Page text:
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The relationship between physical activity and appetite in patients with heart failure: A prospective observational study
Linköping University, Department of Medical and Health Sciences, Division of Nursing Science. Linköping University, Faculty of Medicine and Health Sciences. Uppsala Univ, Sweden.ORCID iD: 0000-0002-1482-767X
Linnaeus Univ, Sweden; Res Sect, Sweden.
Univ Calif Irvine, CA USA.
Linköping University, Department of Medical and Health Sciences, Division of Nursing Science. Linköping University, Faculty of Medicine and Health Sciences. Region Östergötland, Heart and Medicine Center, Department of Cardiology in Linköping. Univ Calif Irvine, CA USA.ORCID iD: 0000-0002-4259-3671
2019 (English)In: European Journal of Cardiovascular Nursing, ISSN 1474-5151, E-ISSN 1873-1953, Vol. 18, no 5, p. 410-417Article in journal (Refereed) Published
Abstract [en]

Introduction: Physical activity and appetite are important components for maintaining health. Yet, the association between physical activity and appetite in heart failure (HF) populations is not completely understood. The aim of the present study was to investigate the relationship between physical activity, functional capacity, and appetite in patients with HF. Methods: This was a prospective observational study. In total, 186 patients diagnosed with HF, New York Heart Association (NYHA) class II-IV (mean age 70.7, 30% female), were included. Physical activity was measured using a multi-sensor actigraph for seven days and with a self-reported numeric rating scale. Physical capacity was measured by the six-minute walk test. Appetite was measured using the Council on Nutrition Appetite Questionnaire. Data were collected at inclusion and after 18 months. A series of linear regression analyses, adjusted for age, NYHA class, and B-type natriuretic peptide were conducted. Results: At baseline, higher levels of physical activity and functional capacity were significantly associated with a higher level of appetite in the unadjusted models. In the adjusted models, number of steps (p = 0.019) and the six-minute walk test (p = 0.007) remained significant. At the 18-month follow-up, all physical activity variables and functional capacity were significantly associated with appetite in the unadjusted regression models. In the adjusted models, number of steps (p = 0.001) and metabolic equivalent daily averages (p = 0.040) remained significant. Conclusion: A higher level of physical activity measured by number of steps/day was associated with better self-reported appetite, both at baseline and the 18-month follow-up. Further research is needed to establish causality and explore the intertwined relationship between activity and appetite in patients with HF.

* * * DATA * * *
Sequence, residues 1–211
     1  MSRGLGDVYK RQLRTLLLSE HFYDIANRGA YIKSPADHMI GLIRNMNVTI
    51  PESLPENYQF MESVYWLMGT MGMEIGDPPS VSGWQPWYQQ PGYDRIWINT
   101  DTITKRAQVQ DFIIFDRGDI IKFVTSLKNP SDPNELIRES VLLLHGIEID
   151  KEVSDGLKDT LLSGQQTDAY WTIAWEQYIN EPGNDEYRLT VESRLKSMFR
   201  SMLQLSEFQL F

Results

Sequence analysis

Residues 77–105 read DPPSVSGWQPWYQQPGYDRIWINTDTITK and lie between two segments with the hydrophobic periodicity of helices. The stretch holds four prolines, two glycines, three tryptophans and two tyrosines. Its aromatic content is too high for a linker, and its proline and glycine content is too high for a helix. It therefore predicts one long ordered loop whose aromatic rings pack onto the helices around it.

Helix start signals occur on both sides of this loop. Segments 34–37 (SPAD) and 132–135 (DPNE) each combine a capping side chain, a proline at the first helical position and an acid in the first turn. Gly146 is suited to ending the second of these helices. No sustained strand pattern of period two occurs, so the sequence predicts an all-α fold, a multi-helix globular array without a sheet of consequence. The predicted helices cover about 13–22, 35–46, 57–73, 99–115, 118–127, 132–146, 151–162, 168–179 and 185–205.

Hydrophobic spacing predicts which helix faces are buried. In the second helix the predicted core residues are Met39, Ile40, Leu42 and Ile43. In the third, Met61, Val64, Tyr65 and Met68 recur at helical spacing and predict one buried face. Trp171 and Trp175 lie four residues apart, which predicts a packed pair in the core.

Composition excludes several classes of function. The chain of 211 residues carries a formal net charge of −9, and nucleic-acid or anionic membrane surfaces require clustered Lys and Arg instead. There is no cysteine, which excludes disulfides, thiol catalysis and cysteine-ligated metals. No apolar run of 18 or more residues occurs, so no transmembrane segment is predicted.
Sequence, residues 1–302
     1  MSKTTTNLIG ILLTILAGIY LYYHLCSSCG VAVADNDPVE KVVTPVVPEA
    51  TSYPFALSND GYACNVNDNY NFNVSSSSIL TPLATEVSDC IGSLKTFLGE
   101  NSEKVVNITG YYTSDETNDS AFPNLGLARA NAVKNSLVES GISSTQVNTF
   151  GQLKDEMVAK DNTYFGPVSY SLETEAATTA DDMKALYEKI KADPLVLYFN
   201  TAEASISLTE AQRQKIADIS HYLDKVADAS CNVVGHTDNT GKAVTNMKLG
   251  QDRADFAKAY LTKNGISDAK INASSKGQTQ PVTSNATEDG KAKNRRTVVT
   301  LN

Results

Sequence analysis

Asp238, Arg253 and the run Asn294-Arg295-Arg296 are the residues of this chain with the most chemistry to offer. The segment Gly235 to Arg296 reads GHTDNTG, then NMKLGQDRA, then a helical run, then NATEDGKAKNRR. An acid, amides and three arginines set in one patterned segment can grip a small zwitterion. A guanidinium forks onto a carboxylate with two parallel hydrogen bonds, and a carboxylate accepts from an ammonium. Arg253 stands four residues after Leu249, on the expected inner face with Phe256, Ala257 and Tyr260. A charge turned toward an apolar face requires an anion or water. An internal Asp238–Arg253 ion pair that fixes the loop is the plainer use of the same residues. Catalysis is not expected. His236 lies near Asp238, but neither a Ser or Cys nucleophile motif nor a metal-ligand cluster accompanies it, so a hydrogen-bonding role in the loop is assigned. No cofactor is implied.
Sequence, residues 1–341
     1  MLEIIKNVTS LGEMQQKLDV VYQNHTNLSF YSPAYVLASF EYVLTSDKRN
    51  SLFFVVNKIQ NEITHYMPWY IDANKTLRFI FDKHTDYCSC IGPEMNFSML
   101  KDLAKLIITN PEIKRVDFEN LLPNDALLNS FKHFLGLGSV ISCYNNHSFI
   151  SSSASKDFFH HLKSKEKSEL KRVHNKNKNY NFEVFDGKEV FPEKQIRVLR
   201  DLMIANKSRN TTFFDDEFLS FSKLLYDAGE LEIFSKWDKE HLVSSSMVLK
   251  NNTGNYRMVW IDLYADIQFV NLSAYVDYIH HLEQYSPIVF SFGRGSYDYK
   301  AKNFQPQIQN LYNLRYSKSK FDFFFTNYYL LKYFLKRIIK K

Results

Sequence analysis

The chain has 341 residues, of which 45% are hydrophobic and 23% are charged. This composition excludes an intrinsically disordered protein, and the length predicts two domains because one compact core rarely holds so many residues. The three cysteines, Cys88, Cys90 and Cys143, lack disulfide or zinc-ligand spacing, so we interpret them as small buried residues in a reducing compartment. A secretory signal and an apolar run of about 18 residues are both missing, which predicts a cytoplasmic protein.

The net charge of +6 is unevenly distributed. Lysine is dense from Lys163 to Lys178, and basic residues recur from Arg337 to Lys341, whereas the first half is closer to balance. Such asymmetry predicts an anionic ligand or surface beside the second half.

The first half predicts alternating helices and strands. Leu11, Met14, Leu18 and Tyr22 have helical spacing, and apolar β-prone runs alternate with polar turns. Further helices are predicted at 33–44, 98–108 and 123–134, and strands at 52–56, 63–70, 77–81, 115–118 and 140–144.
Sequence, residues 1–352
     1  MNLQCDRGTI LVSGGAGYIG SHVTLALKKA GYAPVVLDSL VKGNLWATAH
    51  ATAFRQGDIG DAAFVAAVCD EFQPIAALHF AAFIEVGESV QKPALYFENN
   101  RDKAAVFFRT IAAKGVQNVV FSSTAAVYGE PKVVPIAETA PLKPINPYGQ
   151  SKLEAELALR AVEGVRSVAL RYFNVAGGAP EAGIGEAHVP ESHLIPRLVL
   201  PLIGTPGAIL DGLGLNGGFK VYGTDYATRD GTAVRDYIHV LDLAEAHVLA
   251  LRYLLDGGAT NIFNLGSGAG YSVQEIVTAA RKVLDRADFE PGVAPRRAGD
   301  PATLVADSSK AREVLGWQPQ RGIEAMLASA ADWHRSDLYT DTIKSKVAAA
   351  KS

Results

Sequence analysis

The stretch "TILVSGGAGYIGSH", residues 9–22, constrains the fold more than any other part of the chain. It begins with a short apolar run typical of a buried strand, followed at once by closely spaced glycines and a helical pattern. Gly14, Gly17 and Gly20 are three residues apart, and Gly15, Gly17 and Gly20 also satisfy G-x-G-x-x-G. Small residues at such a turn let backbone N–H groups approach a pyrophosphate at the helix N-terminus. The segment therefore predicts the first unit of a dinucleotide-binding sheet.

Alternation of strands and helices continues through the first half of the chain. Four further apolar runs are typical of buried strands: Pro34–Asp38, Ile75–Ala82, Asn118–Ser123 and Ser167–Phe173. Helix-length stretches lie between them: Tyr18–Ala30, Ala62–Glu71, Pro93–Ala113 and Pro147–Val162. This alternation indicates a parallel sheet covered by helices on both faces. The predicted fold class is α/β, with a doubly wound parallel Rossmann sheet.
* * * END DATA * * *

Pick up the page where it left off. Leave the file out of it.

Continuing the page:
Place, publisher, year, edition, pages
SAGE PUBLICATIONS LTD , 2019. Vol. 18, no 5, p. 410-417
Keywords [en]
Appetite; heart failure; physical activity
National Category
Physiotherapy
Identifiers
URN: urn:nbn:se:liu:diva-158564DOI: 10.1177/1474515119836567ISI: 000469834300008PubMedID: 30866679OAI: oai:DiVA.org:liu-158564DiVA, id: diva2:1334880
Note

Funding Agencies|Centre for Clinical Research Sormland, Uppsala University, Eskilstuna, Sweden; Swedish Heart and Lung Foundation; Medical Research Council of Southeast Sweden; King Gustaf V and Queen Victorias Freemason Foundation

Available from: 2019-07-03 Created: 2019-07-03 Last updated: 2019-07-03

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Andreae, ChristinaStrömberg, Anna
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Division of Nursing ScienceFaculty of Medicine and Health SciencesDepartment of Cardiology in Linköping
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